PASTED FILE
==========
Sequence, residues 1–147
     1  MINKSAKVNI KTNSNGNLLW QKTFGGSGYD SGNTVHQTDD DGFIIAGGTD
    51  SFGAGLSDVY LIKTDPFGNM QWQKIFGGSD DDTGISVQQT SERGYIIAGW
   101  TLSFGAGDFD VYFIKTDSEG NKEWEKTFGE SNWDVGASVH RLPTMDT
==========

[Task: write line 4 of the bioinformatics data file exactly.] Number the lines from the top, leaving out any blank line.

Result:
   101  TLSFGAGDFD VYFIKTDSEG NKEWEKTFGE SNWDVGASVH RLPTMDT